THE Department of Energy (DoE) said it is determining how to proceed after the Supreme Court (SC) confirmed that the department has the power to temporarily take over the downstream oil industry during national emergencies.

In a statement on Wednesday, the DoE said that it will study the ruling with the Department of Justice (DoJ) and the Office of the Solicitor General and take necessary steps to ensure that any takeover of oil companies “is properly exercised whenever needed.”

In a 37-page decision, the SC sitting en banc upheld the constitutionality of Section 14 (e) of Republic Act No. 8479 or the Downstream Oil Industry Deregulation Act of 1998.

The SC ruling reversed the 2013 decision issued by the Court of Appeals (CA), which had declared the provision unconstitutional.

The provision states that “in times of national emergency, when the public interest so requires, the DoE may, during the emergency and under reasonable terms prescribed by it, temporarily take over or direct the operation of any person or entity engaged in the industry.”

“All told, Section 14 (e) of RA 8479 is a proper delegation of takeover power to the Department of Energy. Absent any actual proof from respondents that the exercise of this provision has caused it harm or injury, we hold that the challenge claiming the provision unconstitutional must fail,” the SC said.

The Court’s decision was promulgated on Feb. 21, but made public only on March 4.

“The DoE is committed to implementing Section 14(e) of the said law as the public interest may require in times of national emergency, in accordance with the Constitution and the applicable laws and consistent with the President’s intent or instructions,” the DoE said.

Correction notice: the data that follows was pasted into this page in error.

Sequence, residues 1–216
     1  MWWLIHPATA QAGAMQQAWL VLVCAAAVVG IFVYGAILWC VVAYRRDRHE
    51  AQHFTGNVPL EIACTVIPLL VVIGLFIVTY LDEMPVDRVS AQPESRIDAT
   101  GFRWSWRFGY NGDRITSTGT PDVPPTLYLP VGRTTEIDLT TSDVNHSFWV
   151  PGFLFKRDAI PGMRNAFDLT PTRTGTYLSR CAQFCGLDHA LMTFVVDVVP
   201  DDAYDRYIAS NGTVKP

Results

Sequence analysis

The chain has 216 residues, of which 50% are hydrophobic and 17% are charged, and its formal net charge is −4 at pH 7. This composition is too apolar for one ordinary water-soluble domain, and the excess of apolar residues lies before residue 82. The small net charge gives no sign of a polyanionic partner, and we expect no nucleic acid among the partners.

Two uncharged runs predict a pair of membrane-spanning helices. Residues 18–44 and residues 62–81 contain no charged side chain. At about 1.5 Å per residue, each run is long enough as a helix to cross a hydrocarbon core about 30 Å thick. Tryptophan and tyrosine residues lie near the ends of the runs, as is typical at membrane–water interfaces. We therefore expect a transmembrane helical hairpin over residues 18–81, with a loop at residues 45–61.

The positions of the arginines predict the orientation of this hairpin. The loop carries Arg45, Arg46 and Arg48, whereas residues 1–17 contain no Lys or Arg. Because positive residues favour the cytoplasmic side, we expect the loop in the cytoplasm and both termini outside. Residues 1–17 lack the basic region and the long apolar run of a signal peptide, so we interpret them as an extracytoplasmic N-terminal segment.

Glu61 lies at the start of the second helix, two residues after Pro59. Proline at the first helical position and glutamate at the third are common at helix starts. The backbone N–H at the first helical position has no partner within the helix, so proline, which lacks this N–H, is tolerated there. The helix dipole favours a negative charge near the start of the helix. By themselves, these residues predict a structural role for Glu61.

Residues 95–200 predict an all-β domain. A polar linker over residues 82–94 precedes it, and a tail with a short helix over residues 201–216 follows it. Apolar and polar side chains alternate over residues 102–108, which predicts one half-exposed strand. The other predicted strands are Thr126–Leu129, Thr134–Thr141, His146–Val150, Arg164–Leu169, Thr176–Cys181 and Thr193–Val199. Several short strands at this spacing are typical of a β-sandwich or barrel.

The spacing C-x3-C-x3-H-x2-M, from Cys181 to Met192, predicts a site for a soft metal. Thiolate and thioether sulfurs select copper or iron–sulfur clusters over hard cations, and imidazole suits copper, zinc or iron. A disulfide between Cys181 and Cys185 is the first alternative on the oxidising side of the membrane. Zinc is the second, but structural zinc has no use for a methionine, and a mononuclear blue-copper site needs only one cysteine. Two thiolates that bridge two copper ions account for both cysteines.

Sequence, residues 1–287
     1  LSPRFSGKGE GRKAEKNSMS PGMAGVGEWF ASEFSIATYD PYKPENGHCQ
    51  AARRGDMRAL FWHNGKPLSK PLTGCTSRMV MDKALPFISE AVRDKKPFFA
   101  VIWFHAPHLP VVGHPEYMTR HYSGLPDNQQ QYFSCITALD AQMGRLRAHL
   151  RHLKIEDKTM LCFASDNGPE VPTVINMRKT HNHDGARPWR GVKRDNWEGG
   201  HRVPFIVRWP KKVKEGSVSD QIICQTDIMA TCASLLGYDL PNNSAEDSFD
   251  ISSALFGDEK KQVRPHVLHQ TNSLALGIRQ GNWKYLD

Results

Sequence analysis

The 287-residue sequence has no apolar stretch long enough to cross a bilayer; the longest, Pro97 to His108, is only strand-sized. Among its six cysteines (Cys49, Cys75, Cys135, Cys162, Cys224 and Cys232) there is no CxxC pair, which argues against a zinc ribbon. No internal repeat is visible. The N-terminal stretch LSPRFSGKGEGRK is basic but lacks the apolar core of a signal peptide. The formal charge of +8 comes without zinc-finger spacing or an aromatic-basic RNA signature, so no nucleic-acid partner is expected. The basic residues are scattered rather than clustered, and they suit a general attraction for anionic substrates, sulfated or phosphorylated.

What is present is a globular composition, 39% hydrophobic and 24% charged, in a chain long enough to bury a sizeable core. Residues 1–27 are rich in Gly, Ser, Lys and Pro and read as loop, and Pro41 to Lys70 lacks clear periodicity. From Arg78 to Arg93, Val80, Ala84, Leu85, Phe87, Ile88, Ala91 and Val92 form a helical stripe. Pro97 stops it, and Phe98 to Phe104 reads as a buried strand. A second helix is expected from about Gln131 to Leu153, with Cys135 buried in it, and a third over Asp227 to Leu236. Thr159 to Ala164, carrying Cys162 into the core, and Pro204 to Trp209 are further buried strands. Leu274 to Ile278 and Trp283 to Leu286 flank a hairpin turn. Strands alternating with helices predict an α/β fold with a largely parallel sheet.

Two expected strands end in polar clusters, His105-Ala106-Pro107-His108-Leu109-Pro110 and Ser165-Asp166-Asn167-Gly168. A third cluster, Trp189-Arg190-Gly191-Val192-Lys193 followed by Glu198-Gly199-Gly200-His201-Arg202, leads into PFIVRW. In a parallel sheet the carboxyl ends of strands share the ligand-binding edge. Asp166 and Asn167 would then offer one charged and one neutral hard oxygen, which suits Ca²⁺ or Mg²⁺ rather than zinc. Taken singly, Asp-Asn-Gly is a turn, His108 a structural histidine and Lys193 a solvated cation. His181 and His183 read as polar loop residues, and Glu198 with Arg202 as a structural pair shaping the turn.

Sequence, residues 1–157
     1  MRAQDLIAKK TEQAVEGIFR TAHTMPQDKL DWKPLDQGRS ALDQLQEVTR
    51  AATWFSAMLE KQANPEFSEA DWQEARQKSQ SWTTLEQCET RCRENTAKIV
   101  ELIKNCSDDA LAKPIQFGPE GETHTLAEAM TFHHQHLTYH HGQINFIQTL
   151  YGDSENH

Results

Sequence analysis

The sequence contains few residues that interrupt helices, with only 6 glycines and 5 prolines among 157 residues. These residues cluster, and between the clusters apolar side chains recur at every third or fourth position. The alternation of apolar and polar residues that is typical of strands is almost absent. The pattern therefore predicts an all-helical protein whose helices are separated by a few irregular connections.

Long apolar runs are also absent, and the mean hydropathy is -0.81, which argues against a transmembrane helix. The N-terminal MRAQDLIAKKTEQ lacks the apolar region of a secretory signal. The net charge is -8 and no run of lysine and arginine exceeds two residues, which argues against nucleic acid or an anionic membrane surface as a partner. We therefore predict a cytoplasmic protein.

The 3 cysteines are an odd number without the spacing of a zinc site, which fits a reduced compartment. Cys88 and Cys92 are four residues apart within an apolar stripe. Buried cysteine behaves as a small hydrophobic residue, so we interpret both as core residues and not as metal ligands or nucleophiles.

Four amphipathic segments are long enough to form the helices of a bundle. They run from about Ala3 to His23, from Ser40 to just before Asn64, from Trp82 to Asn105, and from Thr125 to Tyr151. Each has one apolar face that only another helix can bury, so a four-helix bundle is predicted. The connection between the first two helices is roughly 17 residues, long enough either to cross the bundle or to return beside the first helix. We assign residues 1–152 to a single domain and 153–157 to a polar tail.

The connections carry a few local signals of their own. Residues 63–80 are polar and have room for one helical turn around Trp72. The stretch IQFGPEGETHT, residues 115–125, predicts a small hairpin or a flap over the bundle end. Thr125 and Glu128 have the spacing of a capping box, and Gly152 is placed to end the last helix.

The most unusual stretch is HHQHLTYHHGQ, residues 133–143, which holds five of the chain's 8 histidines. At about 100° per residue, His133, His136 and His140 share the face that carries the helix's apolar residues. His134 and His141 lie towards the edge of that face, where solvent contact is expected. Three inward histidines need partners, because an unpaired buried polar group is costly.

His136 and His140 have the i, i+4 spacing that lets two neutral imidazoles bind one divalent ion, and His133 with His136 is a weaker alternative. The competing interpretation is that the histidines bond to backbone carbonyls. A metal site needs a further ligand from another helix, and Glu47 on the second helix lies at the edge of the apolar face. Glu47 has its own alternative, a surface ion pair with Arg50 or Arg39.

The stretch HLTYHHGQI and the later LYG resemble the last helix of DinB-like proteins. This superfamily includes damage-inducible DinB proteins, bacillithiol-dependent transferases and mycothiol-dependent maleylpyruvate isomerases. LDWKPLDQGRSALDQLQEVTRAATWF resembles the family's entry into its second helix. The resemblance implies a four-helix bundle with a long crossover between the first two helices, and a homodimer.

The DoE said it will work “to maximize and diversify sources of energy” as well as enhance their distribution and availability to the public at reasonable prices.”

The case arose from the petition filed by Pilipinas Shell Petroleum Corp. before a regional trial court, challenging the validity of Executive Order No. 839 issued by then-President Gloria Macapagal-Arroyo and a provision in RA 8479.

EO 839 directed the oil industry to freeze prices of their petroleum products during the state of calamity brought about by Tropical Storm Ondoy and Super Typhoon Pepeng in 2009.

Shell filed a petition for prohibition, mandamus, and injunction against former Executive Secretary Eduardo R. Ermita, the joint task force of the DoE and DoJ, and the late Energy Secretary Angelo Reyes.

The petition asserted that “these formed an unreasonable, oppressive, and invalid delegation of emergency powers to the Executive.”

In 2010, the lower court issued a decision granting Shell’s amended petition and declared the provision void. This was affirmed by the CA in 2013 and also denied the appeal of the respondents.

In its decision, the SC cited Section 17 of the 1987 Constitution, which allows for the temporary takeover of the operations of privately-owned public utilities or businesses imbued with public interest during emergencies.

It also cited Section 23 which states that Congress may grant the President temporary emergency powers for a limited period. The President may then delegate responsibilities to government agencies.

Asked to comment, Manuel S. Castañeda, Jr., media relations and internal communications manager of Shell, said that the company has received the copy of the SC’s decision and is “still assessing our next steps.”

Bienvenido S. Oplas, president of the free market think tank Minimal Government Thinkers, said that the decision sends a “very bad signal” to the oil industry and potential entrants.

“The consumers are worse off under price control. Same will happen in government taking over of business (in whatever sectwor) due to national ‘emergency’ that can be arbitrarily imposed and implemented,” he said in a Viber message.

Michael L. Ricafort, chief economist at Rizal Commercial Banking Corp., said “safeguards must always be in place to avoid abuse.” — Sheldeen Joy Talavera